Note that a gap is formed between surfaces 75 and 94 and between surfaces 78 and 35 as shown to reduce thermal and/or mechanical stress between substrate 11 and die attach pad 72. The gap may by fully or partially filled with excess die attach material such as gold, solder, or electrically conductive epoxy used to bond surface 35 to surface 77. The die attach material preferably has a high thermal conductivity.
Transformer 90 has a primary winding 150 that includes a lower portion formed in lower level plane 33 which is designated as inductor 50 and an upper portion formed in upper level plane 37 and designated as inductor 250. Inductor 50 has an electrode 82 for coupling through trace 57 to drain electrode 24 of transistor 20, and an electrode 83 for serially coupling to inductor 250. An electrode 81 is used to contact other circuitry (not shown). A secondary winding 160 has a lower portion formed in lower level plane 33 which is designated as inductor 60, and an upper portion formed in upper level plane 37 which is designated as an inductor 260. Inductor 60 has an electrode 84 for external coupling and an electrode 85 for serially coupling to inductor 260. Inductor 260 is further coupled to a center tap electrode 86 of transformer 90. A secondary winding 180 has a lower portion formed in lower level plane 33 and designated as an inductor 80, and an upper portion formed in upper level plane 37 and designated as an inductor 280. Inductor 80 is coupled to center tap electrode 86 and serially coupled to inductor 280 at an electrode 87. Inductor 280 further includes an electrode 88 for external coupling.
Primary winding 150 conducts a primary current IP through inductor 50 from electrode 82 to electrode 83. Current IP induces a secondary current IS1 in secondary winding 160 and a secondary current IS2 in secondary winding 180. Secondary current IS1 flows through inductor 60 from electrode 85 to electrode 84, while secondary current IS2 flows through inductor 80 from electrode 87 to electrode 86 as shown. Electrodes 82–87 include vias similar to vias 55 and/or vias 59 as appropriate for internally and/or externally coupling to transformer 90. For example, electrode 82 comprises one or more of vias 55 for coupling to trace 57 and transistor 20 as shown, while electrode 83 includes one or more of vias 59 for coupling inductor 50 to inductor 250. In one embodiment, the width of inductors 50, 60 and 80 is thirty micrometers and the separation between adjacent inductors is thirty micrometers. Inductor 60 is formed as an outer winding while inductor 80 is formed as an inner winding. Inductor 50 is formed to lie between inductors 60 and 80 so that primary winding 150 is close coupled to both secondary windings 160 and 180. In one embodiment, inductors 60 and 80 are adjusted to have substantially equal lengths to produce substantially equal inductances.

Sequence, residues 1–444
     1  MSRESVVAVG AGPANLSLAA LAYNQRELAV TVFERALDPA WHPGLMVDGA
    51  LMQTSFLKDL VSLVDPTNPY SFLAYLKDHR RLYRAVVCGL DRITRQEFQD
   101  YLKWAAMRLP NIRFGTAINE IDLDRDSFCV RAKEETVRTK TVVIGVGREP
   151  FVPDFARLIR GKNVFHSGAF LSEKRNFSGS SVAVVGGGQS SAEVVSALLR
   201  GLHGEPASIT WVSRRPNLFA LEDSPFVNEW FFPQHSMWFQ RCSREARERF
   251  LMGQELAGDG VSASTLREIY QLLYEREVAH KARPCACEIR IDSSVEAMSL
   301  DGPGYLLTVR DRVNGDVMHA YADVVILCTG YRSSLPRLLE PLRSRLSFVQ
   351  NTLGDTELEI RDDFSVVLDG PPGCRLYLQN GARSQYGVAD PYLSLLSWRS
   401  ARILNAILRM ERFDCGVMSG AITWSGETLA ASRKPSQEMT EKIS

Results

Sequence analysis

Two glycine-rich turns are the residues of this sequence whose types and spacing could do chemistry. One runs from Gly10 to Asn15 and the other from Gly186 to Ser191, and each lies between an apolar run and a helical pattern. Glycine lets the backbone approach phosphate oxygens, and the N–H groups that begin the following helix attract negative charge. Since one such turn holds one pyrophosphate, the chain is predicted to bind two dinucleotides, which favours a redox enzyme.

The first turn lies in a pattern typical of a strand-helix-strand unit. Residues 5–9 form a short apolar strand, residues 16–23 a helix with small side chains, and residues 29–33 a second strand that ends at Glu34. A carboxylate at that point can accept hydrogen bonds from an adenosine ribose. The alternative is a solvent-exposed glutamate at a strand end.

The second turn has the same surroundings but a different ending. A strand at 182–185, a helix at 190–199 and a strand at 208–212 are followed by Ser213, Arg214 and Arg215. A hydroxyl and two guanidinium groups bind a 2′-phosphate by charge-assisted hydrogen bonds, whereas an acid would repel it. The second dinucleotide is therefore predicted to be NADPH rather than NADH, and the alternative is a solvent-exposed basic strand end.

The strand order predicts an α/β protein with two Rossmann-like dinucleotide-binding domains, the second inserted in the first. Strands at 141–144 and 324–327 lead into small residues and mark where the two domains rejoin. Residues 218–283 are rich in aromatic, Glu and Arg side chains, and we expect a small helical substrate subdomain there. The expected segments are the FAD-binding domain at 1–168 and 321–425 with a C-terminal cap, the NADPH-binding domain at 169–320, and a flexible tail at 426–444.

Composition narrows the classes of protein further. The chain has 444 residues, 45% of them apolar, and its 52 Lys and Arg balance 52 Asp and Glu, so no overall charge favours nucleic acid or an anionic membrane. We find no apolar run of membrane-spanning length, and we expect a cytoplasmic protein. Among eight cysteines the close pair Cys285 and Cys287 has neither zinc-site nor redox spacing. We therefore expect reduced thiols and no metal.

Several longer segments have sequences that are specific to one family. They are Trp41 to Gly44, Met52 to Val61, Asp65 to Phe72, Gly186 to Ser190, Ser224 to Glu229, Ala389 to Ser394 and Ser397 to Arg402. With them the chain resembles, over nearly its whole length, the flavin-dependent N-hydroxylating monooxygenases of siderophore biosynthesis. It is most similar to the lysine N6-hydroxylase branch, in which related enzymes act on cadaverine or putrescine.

Inductor 260 is formed as an inner winding while inductor 280 is formed as an outer winding and inductor 250 is formed to lie between inductors 260 and 280. Hence, inductor 60 of secondary winding 160 is formed as an outer winding while inductor 260 is formed as an inner winding. Similarly, inductor 80 of secondary winding 180 is formed as an inner winding while inductor 280 is formed as an outer winding. In one embodiment, inductors 60 and 80 are adjusted to have substantially equal lengths to produce substantially equal inductances. Alternatively, transformer 90 can be configured so that a difference in the inductances of inductors 260 and 80 is compensated by a comparable difference in the inductances of inductors 60 and 280, so that secondary windings 160 and 180 have substantially equal or matched inductances.
Hence, transformer 90 is formed so the geometries of the upper and lower portions of transformer 90 are selected to provide total inductances of secondary windings 160 and 180 which are substantially equal. A greater length of inductor 60 over inductor 80 in the lower portion of transformer 90 is offset by a greater length of inductor 280 over inductor 260 in the upper portion of transformer 90. Conversely, a greater length of inductor 260 may be offset by a similarly greater length of inductor 280. The parasitic capacitances of inductors 60 and 80 are balanced with the respective parasitic capacitances of inductors 260 and 280 by adjusting the thickness of passivation layer 61. As a result, transformer 90 is suitable for use as a high performance balun in a wireless communication device to convert a single ended six gigahertz radio frequency signal through primary winding 150 to a balanced differential signal across secondary windings 160 and 180.
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|U.S. Classification||257/531, 257/516, 257/E27.046, 257/E21.022, 257/379, 257/528|
|International Classification||H01L37/00, H01L27/08, H01L23/522, H01L21/02, H01F17/00|
|Cooperative Classification||H01L2924/0002, H01L27/08, H01L23/5227, H01L28/10, H01F17/0006, H01L2924/3011|
|European Classification||H01L28/10, H01L23/522L, H01L27/08|
|Jan 19, 2010||FPAY||Fee payment|
Year of fee payment: 4
|Jun 12, 2014||FPAY||Fee payment|
Year of fee payment: 8
|Jul 31, 2015||AS||Assignment|
Owner name: STANOWSKI, DAVID RICHARD, TEXAS
Free format text: ASSIGNMENT OF ASSIGNORS INTEREST;ASSIGNOR:DAVIES, ROBERT B.;REEL/FRAME:036230/0143
Effective date: 20150731